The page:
Ethiopian water programme raises birth rate; viral encephalitis studyResearchers studying a water supply programme for Ethiopian villages found that it had many benefits, but one unpredicted result was an increase in the birth rate. The demands on the scarce resources available to the villages therefore increased. The study, conducted by researchers at the University of Bristol and University College London, UK, is published in the latest issue of PLoS Medicine.
Improving access to water is one of the most important goals of development programmes in rural Africa. In the part of Ethiopia where this research was done, many women spend three hours every day walking to fetch water, which they carry home in clay pots. In those villages where tapped water has been supplied, the time spent getting water has gone down to about 15 minutes. Programmes that achieve such a result are generally hailed as a success but it is unusual for their wider impact on the population to be studied.
The research involved nearly 2000 households in both villages with and without access to improved water supply. The death rate of children in the villages where tapped water had been introduced was found to be much lower than it was in the other villages. However, the birth rate was much higher in the villages with tapped water than it was in the other villages.
It has been argued that when development improves living conditions and health, there will be a reduction in birth rate. This has happened in many countries but, in rural Africa, birth rates remain high and the population is growing rapidly. Ethiopia is an example; the rising population and the slow growth in the economy have led to repeated humanitarian crises.
A further finding in the study was surprising: the nutritional status of children fell in the villages which had taps, even though their risk of dying was lower.
Gibson and Mace say their study is the first to show a link between the introduction of a 'technological intervention' and an increase in birth rate. They suggest that development programmes should be 'multisectoral', instead of focussing on just one issue (in this case, water supply). In particular, programmes should routinely include improved access to contraceptives.
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Citation: Gibson MA, Mace R (2006) An energy-saving development initiative increases birth rate and childhood malnutrition in rural Ethiopia. PLoS Med 3(4): e87.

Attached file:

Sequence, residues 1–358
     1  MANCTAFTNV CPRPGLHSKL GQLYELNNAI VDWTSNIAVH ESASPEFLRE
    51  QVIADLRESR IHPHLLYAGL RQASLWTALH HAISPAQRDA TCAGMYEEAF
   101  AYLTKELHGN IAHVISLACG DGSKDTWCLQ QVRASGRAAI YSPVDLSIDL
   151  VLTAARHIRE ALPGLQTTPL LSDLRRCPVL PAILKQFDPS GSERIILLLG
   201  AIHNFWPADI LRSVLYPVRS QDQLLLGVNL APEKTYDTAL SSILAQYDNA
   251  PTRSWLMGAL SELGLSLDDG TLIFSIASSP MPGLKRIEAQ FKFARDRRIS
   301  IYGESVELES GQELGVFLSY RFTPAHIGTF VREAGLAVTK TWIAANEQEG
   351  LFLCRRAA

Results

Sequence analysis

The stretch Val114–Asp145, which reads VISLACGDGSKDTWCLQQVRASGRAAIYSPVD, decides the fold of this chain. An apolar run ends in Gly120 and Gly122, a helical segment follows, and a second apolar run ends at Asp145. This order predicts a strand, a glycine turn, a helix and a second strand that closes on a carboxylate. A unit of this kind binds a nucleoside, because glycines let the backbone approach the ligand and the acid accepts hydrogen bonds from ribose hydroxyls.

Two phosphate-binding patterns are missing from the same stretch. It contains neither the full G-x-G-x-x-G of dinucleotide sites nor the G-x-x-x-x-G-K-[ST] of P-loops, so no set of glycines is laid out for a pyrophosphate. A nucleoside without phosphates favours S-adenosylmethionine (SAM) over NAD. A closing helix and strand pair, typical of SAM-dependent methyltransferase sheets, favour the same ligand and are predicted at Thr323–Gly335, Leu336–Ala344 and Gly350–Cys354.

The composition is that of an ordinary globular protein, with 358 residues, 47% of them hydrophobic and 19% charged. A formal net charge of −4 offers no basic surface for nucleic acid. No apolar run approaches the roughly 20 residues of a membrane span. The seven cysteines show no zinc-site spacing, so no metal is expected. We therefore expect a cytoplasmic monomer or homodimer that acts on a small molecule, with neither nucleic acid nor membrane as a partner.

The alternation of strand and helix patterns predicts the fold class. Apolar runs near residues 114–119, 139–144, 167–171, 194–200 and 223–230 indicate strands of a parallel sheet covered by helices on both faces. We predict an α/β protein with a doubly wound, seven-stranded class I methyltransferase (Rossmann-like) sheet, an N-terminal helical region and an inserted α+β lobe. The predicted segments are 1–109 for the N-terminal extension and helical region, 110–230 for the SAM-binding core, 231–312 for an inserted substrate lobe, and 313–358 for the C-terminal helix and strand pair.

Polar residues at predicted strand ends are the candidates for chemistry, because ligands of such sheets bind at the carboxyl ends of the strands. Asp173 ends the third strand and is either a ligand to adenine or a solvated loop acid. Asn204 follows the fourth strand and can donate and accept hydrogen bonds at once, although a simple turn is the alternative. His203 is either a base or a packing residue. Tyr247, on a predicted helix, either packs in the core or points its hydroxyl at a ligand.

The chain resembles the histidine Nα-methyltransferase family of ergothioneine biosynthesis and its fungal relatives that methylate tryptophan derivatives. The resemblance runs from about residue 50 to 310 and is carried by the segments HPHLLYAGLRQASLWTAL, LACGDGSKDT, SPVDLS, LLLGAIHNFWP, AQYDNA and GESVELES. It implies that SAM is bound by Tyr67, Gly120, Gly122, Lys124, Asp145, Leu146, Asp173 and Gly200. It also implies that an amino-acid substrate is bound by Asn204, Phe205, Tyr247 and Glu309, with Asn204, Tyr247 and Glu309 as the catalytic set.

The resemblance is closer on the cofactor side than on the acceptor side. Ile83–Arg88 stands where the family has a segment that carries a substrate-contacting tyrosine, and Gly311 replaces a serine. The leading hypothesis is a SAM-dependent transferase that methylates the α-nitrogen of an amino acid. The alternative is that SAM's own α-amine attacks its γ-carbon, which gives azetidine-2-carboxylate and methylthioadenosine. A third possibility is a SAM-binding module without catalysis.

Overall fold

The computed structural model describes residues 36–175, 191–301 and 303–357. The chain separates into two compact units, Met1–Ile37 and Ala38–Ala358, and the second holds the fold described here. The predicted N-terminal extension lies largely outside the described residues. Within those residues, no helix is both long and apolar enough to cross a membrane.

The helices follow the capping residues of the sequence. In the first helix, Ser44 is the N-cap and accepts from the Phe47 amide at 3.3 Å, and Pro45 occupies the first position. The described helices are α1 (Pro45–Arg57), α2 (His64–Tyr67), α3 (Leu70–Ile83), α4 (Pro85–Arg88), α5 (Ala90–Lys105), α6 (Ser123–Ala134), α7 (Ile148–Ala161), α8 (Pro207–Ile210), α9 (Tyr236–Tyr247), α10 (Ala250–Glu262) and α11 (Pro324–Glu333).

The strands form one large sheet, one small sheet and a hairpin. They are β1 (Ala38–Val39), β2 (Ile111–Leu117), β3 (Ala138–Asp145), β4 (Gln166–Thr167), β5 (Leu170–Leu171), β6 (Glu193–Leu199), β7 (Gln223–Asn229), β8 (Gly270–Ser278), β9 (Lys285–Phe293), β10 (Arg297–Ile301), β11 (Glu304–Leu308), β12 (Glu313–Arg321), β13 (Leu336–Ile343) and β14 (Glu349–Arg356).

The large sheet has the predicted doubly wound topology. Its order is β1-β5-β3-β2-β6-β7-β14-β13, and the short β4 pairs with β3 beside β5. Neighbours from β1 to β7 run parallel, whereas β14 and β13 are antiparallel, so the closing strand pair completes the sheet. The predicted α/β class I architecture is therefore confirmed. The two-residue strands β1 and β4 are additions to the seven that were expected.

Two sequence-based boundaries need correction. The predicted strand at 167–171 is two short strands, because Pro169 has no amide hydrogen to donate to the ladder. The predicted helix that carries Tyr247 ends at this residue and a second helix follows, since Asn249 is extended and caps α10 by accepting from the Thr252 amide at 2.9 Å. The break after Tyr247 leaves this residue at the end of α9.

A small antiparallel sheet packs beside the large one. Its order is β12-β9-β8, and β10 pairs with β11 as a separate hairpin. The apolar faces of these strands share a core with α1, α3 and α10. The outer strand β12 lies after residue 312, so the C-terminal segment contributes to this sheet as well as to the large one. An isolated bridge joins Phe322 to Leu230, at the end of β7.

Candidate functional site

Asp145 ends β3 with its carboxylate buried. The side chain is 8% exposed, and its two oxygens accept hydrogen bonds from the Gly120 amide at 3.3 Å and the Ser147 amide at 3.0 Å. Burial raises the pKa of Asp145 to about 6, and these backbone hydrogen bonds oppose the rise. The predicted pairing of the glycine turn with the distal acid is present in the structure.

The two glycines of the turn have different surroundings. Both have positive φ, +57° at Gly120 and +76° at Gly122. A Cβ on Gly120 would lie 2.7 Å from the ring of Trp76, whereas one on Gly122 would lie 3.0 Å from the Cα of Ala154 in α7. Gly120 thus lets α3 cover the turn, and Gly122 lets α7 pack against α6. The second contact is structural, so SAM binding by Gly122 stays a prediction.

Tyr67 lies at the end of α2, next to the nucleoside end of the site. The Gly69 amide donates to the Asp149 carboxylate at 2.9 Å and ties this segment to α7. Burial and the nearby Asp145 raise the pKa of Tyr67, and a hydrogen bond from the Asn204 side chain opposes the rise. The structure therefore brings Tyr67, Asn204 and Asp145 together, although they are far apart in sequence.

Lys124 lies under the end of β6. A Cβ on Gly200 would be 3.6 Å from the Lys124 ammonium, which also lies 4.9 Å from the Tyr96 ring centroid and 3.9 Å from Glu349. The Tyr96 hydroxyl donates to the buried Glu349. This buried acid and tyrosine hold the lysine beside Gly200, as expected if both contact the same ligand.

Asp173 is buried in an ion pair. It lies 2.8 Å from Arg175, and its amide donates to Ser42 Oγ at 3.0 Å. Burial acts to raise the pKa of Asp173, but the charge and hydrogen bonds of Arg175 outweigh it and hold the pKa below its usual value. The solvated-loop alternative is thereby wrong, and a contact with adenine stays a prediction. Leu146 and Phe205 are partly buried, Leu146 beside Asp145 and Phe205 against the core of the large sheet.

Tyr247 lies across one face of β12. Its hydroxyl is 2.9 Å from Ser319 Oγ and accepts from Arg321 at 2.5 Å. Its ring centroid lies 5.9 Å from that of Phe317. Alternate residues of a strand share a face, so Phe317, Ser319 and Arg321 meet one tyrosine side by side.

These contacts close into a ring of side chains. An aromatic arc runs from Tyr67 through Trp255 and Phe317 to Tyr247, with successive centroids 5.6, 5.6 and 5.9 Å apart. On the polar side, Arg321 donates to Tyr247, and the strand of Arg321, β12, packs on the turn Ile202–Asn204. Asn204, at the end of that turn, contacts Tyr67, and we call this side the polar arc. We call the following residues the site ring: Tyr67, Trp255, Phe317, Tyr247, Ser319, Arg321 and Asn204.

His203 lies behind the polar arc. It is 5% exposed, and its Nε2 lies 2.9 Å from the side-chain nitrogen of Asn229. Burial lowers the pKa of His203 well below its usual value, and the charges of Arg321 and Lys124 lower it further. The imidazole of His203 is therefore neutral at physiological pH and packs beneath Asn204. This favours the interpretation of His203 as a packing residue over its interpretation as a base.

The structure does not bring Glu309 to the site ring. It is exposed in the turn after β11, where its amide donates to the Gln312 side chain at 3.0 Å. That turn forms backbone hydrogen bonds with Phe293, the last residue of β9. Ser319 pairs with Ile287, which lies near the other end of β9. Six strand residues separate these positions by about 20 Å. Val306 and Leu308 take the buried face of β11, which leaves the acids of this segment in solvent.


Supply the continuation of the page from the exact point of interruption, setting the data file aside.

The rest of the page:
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RNA interference to treat viral encephalitis
A mechanism, first described in plants, can be used in mice to suppress lethal infection of the brain (encephalitis) caused by two viruses, Japanese encephalitis virus and West Nile Virus, report researchers from Harvard University in a paper published today in the open access medical journal, PLoS Medicine.
The mechanism, known as RNA interference (RNAi), is a process by which short double-stranded RNA inhibits gene expression in a gene-specific way. This process was first discovered in plant cells and is believed to have developed as a way for plants to combat viruses. Manjunath Swamy and colleagues showed that this technique has a therapeutic potential in treating viral encephalitis, both virus-specific and across species. They induced RNAi in mice to either a species-specific sequence of the viral outer (envelope) protein or to a sequence common to both Japanese encephalitis and West Nile viruses. They showed that a single treatment to induce RNAi before or just after infection with these viruses may be sufficient for protection against fatal encephalitis. This work is promising and a similar approach to treat an eye disease in humans is already in a clinical trial. However, more work needs to be done to find out how safe and effective the method is in humans, and what is the optimal way of giving the treatment.
Japanese encephalitis and West Nile fever are caused by flaviviruses carried by mosquitoes. Japanese encephalitis is prevalent in Southeast Asia and causes around 50,000 cases of encephalitis world wide annually with 30% mortality and permanent neurological disabilities in 50% of survivors. West Nile Virus, once confined to Africa and the Middle East, was introduced into the Americas in 1999, and since then has spread throughout the continental US. Currently there are no effective drugs to treat flaviviral infections.
Citation: Kumar P, Lee SK, Shankar P, Swamy MN (2006) A single siRNA suppresses fatal encephalitis induced by two different flaviviruses. PLoS Med 3(4): e96.
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Caption: Section from JVE infected mouse brain obtained after treatment with control or JEV-specific siRNA
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PLoS Medicine is an open access, freely available international medical journal. It publishes original research that enhances our understanding of human health and disease, together with commentary and analysis of important global health issues. For more information, visit http://www.plosmedicine.org
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